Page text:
This First Thursday, Zella Bardsley will be commemorating a traditionally female art form of quilting in her own feminist way: with metal and a blowtorch. Her patterns aren't those handed down from generation to generation, they are instead her "own, new definition of the metal quilt." Even though Bardsley's definition varies from the norm, she maintains many of the typical quilting conventions such as weaving her stories of joy, pain, gossip and laughter into her works. She also uses castaways, combines new pieces and says she "pushes the quilt form to suit her own desire to construct pieces that she finds magical, joyful, soulful or just plain silly."
Because her father was a violinist and a director of music in Boise public schools, the arts were always prevalent in Bardsley's family. She wasn't raised as an artist though; traditional female roles played an equal if not more exaggerated role in her household. She was expected to be a teacher. Her mother, brother and sister were all teachers and Bardsley heeded her parents' expectations for some time. She received both a B.A. in music education and a master's degree in special education from Boise State. Then she went on to administration, which may have driven her to become a steel artist.
The Boise community immediately embraced Bardsley's artwork. Her first venue was Crone's Cupboard, where she sold the "naked dancing women" she is well-known for now. At that point, she decided she could be an artist, and 18 years later, she's confident she made the right decision. "Working in metals is a challenge and a joy. The process of creating from a solid, substantial and unyielding substance and moving it into the sensation of an organic, flowing outcome delights and intrigues me," says Bardsley.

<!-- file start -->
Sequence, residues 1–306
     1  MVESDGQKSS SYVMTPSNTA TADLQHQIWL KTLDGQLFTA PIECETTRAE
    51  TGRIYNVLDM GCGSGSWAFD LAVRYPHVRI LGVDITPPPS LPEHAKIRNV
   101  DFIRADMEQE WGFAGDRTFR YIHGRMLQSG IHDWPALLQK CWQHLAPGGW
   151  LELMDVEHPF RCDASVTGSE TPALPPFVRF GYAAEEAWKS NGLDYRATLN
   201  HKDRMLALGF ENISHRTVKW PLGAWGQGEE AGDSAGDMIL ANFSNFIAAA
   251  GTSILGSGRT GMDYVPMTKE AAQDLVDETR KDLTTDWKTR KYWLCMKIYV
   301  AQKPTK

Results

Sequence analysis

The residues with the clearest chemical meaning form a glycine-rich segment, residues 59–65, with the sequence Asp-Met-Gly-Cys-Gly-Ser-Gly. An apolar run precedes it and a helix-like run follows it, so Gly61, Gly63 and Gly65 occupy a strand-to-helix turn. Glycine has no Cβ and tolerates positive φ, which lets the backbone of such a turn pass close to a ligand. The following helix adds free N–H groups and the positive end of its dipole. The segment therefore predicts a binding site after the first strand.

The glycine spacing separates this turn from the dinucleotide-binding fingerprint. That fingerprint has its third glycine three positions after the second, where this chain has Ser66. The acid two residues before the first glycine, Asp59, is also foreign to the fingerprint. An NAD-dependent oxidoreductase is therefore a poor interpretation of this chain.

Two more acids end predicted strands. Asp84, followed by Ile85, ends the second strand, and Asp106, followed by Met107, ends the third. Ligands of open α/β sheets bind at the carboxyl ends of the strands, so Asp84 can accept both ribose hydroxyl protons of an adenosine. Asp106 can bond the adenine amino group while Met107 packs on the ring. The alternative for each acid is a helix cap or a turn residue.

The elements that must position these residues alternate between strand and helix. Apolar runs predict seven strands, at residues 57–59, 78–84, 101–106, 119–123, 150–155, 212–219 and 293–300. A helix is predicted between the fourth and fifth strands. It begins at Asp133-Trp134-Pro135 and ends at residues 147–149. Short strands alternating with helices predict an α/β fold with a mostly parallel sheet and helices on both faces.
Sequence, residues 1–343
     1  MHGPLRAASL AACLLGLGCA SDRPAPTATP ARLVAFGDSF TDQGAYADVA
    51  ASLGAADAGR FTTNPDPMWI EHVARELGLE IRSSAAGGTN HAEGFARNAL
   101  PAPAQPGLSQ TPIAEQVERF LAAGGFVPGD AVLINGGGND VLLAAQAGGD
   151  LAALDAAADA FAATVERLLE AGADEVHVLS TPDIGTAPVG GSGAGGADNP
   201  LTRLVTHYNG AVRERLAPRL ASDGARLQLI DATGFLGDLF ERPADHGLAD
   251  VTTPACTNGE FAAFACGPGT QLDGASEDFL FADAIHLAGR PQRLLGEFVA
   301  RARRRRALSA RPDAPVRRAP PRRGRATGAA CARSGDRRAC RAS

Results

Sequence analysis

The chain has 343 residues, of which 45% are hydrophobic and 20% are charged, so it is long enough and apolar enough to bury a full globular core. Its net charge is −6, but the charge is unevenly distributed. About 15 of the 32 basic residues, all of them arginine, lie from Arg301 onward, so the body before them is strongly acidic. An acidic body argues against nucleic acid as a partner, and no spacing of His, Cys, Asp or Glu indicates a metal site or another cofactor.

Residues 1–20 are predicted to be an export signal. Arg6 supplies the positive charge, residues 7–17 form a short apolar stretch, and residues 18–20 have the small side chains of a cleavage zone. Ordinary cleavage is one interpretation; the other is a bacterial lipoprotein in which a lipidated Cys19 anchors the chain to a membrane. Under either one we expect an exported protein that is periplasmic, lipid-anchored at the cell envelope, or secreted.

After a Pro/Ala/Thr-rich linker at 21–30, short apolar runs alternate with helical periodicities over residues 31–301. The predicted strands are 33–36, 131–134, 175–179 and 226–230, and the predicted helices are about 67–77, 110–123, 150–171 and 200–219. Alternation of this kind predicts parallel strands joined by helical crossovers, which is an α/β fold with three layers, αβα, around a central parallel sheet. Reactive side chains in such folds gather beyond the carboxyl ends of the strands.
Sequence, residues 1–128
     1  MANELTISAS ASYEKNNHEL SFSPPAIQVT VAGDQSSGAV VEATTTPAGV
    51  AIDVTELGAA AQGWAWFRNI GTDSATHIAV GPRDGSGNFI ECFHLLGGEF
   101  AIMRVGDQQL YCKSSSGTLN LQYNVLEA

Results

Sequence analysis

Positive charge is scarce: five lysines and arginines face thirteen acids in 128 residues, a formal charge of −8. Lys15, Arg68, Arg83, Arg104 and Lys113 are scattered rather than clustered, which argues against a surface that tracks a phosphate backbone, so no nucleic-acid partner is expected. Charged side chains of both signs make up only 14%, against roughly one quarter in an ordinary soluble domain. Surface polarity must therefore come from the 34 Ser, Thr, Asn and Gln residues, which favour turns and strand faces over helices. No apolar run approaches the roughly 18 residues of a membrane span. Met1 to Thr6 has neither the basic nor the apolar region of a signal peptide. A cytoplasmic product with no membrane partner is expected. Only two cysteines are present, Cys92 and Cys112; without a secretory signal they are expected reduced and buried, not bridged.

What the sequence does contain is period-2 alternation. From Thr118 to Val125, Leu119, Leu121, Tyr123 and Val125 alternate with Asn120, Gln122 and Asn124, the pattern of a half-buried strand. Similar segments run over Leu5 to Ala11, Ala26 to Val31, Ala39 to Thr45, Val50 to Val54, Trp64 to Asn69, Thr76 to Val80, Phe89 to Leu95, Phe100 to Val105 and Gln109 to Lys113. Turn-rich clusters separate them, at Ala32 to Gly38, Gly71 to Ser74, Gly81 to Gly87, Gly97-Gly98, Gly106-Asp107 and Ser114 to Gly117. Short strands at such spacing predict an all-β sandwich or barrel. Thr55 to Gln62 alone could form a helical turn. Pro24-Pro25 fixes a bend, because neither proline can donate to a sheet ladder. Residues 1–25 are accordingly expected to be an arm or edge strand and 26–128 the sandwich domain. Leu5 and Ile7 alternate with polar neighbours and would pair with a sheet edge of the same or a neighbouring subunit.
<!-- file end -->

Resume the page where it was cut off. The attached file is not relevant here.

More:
Along with Crone's Cupboard, she has also exhibited her work at Art Source Gallery, which is an artist cooperative she's been a part of for 12 years. She's been president twice and been on the board most of her time there. Her current First Thursday exhibition at Art Source, "Variations on a Theme of Zella's Grandmother Zella: Exploring the Idea of the Quilt in Mixed Metals and Mixed Media," will include approximately 25 pieces, some of them quite massive.
The primary inspiration for the exhibition was a quilt made by Bardsley's Grandmother Zella. Bardsley found it after her parents died about fifteen years ago. It was always "the magic quilt" to her kids, healing them when they were sick, and an extreme comfort to her as well.
More inspiration for the quilting theme came from Bardsley's two older sisters who have always tried to turn her into a quilter. "I love their quilts. They give me great quilts," says Bardsley, "Why should I quilt when they give me such great quilts? I do love the theme of quilting, though, and piecing old things together."